Kidney Stones

What are kidney stones?

When your urine becomes concentrated, minerals can stick together and crystallize. These crystals form small, hardened deposits known as kidney stones. 

Often, kidney stones don't cause any health problems. But sometimes they can irritate sensitive tissue or trigger infection. Some kidney stones also get bigger. Large kidney stones are more likely to cause painful symptoms.

What are the symptoms of kidney stones?

When they're inside your kidneys, these stones typically cause no symptoms. But once they move and pass through your urinary tract, they can be extremely painful.

Symptoms of kidney stones can include:

  • Severe back or side pain
  • Pain in the abdomen or groin
  • Pain when urinating
  • Discolored urine
  • Blood in urine
  • Cloudy, foul-smelling urine
  • Nausea or vomiting
  • Fever or chills

Pain caused by kidney stones may come in waves. At times, your pain may be intense. But your pain might also disappear for a while. The severity of your pain may depend on where the stones are located. Symptoms can also vary based on the size of the stones.

How are kidney stones treated?

If you have groin or back pain, the first step is to determine what's causing your symptoms. At Urology Associates of Southeastern North Carolina, your provider offers an in-depth evaluation. They get to the root of your symptoms.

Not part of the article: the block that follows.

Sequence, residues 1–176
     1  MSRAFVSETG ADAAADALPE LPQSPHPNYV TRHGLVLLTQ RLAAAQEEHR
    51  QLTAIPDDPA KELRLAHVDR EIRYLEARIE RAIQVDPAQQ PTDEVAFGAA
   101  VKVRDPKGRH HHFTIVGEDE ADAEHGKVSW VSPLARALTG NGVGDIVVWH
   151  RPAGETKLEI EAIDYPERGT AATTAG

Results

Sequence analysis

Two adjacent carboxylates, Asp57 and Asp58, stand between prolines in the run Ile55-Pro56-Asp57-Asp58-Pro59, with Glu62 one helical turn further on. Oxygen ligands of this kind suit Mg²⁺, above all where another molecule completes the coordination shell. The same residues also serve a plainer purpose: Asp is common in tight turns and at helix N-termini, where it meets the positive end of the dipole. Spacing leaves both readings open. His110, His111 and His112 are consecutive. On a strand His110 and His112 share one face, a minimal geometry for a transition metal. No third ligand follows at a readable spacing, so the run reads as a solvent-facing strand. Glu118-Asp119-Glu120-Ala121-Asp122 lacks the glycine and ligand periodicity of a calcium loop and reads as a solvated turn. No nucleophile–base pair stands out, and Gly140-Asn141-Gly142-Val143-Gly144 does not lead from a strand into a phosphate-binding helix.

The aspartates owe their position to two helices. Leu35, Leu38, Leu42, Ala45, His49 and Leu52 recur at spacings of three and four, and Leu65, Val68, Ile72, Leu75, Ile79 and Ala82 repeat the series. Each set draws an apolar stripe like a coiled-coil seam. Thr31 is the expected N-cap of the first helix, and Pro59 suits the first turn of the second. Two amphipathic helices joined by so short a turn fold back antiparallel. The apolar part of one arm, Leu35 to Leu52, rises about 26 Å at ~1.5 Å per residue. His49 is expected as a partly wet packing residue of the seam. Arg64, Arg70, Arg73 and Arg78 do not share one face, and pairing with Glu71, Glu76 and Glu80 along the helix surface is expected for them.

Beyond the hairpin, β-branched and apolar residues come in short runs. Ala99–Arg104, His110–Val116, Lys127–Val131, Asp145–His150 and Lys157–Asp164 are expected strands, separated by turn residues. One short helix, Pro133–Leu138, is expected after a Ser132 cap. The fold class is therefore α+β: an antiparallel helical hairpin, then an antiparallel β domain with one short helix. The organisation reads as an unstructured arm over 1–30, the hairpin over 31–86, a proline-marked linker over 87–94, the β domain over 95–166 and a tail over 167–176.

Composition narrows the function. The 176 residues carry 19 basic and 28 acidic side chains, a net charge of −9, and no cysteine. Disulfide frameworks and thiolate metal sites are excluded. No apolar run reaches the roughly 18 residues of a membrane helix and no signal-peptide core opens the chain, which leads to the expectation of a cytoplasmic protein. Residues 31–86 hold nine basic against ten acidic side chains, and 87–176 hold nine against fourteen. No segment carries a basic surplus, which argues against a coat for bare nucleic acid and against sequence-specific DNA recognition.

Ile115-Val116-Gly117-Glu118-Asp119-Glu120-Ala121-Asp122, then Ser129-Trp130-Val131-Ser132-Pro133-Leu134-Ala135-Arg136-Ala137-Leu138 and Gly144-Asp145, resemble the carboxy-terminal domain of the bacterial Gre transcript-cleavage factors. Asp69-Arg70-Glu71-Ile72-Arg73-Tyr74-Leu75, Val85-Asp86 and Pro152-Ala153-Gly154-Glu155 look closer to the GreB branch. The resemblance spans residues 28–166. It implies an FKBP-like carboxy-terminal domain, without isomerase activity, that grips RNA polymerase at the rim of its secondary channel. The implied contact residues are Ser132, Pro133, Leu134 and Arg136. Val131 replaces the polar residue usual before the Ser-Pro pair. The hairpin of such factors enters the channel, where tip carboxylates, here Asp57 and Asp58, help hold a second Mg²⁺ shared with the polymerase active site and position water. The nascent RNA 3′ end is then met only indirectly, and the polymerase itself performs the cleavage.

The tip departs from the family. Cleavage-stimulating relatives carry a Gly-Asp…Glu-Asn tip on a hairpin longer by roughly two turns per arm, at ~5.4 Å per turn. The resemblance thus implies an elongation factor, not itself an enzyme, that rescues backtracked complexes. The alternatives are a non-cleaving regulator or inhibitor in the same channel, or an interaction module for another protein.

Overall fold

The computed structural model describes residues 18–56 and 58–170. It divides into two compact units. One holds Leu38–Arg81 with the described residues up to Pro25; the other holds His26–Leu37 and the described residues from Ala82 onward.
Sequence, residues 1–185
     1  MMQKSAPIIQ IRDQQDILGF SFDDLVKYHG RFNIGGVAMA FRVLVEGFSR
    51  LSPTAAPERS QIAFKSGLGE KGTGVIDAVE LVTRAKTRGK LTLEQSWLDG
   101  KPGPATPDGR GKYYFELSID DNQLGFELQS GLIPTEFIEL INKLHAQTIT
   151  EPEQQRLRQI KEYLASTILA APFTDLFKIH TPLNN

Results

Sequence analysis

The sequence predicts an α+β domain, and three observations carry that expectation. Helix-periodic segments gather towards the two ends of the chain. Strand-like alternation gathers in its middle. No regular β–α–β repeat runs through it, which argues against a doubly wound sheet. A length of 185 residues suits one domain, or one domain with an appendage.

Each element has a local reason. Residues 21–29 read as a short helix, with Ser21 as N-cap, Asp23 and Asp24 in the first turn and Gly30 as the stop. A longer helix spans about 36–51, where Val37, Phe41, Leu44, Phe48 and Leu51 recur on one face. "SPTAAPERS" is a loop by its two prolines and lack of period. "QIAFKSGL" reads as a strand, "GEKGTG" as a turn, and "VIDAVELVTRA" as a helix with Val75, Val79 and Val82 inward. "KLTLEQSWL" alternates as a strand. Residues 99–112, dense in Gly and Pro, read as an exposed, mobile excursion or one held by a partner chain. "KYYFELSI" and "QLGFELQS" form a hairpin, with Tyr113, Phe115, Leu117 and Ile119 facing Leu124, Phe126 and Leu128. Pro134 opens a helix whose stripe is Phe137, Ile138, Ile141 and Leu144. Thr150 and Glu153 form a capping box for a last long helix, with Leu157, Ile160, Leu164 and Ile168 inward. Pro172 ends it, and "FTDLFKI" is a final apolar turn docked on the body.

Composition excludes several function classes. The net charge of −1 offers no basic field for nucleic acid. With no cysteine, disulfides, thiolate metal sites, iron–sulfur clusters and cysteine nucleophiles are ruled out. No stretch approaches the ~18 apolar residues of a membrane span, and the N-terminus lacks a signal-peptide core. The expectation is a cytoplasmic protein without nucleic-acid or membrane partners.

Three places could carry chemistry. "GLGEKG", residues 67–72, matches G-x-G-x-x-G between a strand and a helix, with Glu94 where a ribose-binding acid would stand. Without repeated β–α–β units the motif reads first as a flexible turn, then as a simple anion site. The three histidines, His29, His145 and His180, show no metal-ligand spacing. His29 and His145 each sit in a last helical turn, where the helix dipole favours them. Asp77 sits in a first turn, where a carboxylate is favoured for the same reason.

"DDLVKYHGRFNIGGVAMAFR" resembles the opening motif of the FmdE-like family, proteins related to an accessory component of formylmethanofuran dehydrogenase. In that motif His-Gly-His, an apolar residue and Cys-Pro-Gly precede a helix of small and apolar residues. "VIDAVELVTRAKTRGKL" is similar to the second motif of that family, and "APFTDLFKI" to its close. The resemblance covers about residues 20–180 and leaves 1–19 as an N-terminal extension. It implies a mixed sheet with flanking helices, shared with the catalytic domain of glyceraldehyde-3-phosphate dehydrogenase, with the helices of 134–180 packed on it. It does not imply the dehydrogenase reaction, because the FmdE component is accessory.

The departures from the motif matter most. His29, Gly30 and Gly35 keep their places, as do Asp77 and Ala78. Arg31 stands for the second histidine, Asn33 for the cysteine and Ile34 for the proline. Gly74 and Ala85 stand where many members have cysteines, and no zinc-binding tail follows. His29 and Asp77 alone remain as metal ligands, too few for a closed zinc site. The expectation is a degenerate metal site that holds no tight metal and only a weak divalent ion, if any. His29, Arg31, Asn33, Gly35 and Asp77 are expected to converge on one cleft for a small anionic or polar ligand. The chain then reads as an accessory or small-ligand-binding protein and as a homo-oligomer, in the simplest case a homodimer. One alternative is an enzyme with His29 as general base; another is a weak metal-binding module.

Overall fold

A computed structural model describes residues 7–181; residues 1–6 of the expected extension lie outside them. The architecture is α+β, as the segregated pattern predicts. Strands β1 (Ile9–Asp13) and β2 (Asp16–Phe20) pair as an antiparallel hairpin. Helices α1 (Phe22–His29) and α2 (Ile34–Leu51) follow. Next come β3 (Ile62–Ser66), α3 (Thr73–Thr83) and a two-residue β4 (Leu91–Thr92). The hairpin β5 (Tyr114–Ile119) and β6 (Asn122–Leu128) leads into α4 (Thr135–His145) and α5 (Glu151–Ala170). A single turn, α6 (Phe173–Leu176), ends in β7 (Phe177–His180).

Not all kidney stones need special care. If your stones are small, your provider might suggest taking pain medication and drinking extra fluids. These remedies help manage your symptoms while your body gets rid of the stones.

But if your kidney stones are large, you may need specialized care. Surgery can help get rid of large, painful kidney stones. Your provider might also use a scope to remove your kidney stones. Some procedures even use sound waves to break large stones into small pieces. These smaller stones can then pass through your body more quickly. 

What can I do to prevent kidney stones?

Kidney stones may be linked to lifestyle factors. Dehydration and poor diet can increase your risk of kidney stones. To prevent kidney stones, your provider may suggest that you:

  • Drink plenty of water
  • Avoid or limit oxalate-rich foods (including nuts, tea, and chocolate)
  • Eat a low-salt diet
  • Avoid or limit animal protein
  • Choose calcium-rich foods

Some medications can also adjust the minerals and salts in your body. These drugs help prevent stones in people who are prone to them. Your provider can offer more information about these preventive treatments.

If you suffer from kidney stones, let the experts at Urology Associates of Southeastern North Carolina help. Call (910) 763-6251 today or schedule an appointment online.

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1905 Glen Meade Rd.,
Wilmington, NC 28403

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Southport, NC 28461


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